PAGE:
An Alzheimer’s diagnosis has historically been difficult to confirm. Until recently, only an autopsy could detect Alzheimer’s with certainty. Now, doctors rely on expensive PET brain scans and testing levels of amyloid, the toxic protein associated with Alzheimer’s, in cerebrospinal fluid, an invasive and expensive procedure.
But that could change. Recent research by scientists in Japan and Australia shows that a simple blood test could be the only thing we need to detect who may go on to develop Alzheimer’s disease. Researchers were able to develop a blood test that can measure beta-amyloid in a person’s brain.
Besides the low cost of a potential blood test to detect Alzheimer’s, the convenience and ease of the test could allow doctors to pinpoint who is more likely to develop Alzheimer’s disease, potentially allowing them access into clinical trials, and eventually a treatment, sooner. The test is currently 90 percent accurate.
“This new test has the potential to eventually disrupt the expensive and invasive scanning and spinal fluid technologies. In the first instance, however, it will be an invaluable tool in increasing the speed of screening potential patients for new drug trials,” said Colin Masters, a professor at the University of Melbourne who co-led the research.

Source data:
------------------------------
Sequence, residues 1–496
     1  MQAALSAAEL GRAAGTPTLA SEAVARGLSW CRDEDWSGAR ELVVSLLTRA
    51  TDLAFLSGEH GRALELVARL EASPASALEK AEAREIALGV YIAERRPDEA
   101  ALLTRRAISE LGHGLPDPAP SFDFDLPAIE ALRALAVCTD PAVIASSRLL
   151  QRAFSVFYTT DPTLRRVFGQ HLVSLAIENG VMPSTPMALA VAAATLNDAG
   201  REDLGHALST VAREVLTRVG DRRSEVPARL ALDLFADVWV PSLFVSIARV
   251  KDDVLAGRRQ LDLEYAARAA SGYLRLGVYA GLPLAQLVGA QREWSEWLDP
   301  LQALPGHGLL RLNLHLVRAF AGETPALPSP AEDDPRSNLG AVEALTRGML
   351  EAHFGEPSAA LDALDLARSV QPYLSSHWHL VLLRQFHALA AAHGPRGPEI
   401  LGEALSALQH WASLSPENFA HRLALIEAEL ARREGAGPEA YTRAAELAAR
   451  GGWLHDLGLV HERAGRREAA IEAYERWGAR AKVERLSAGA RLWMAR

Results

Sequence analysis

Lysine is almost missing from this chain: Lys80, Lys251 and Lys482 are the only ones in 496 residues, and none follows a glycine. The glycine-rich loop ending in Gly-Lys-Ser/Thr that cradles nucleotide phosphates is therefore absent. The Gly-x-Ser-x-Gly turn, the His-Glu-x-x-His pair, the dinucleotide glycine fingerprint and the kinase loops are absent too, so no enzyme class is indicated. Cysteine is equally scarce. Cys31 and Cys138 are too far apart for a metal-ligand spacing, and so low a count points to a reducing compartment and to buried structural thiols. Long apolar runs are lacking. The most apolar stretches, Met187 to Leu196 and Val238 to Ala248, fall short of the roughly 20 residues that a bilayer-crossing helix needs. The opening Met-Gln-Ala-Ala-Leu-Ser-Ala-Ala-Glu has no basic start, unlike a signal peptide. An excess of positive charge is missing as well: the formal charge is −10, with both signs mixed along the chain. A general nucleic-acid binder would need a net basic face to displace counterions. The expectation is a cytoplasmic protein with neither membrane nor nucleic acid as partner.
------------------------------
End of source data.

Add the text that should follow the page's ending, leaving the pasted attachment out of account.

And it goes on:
Because the success rate for an Alzheimer’s drug has been almost non-existent, doctors have recently widened their focus from targeting patients who are currently living with Alzheimer’s to those who haven’t developed the disease yet, but may go on to develop it, based on the levels of beta-amyloid in their brains. And figuring out who is most likely to develop it could be as simple as pricking a finger, if research to validate this test continues.
Professor Katsuhiko Yanagisawa, Director-general of Research Institute at NCGG, says: “Our study demonstrates the high accuracy, reliability and reproducibility of this blood test, as it was successfully validated in two independent large datasets from Japan and Australia.”
This study was published in the journal Nature on January 31, 2018.